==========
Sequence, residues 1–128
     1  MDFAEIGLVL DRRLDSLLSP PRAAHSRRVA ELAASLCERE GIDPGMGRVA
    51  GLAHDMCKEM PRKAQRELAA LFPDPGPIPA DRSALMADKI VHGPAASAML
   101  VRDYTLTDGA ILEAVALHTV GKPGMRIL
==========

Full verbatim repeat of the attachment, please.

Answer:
Sequence, residues 1–128
     1  MDFAEIGLVL DRRLDSLLSP PRAAHSRRVA ELAASLCERE GIDPGMGRVA
    51  GLAHDMCKEM PRKAQRELAA LFPDPGPIPA DRSALMADKI VHGPAASAML
   101  VRDYTLTDGA ILEAVALHTV GKPGMRIL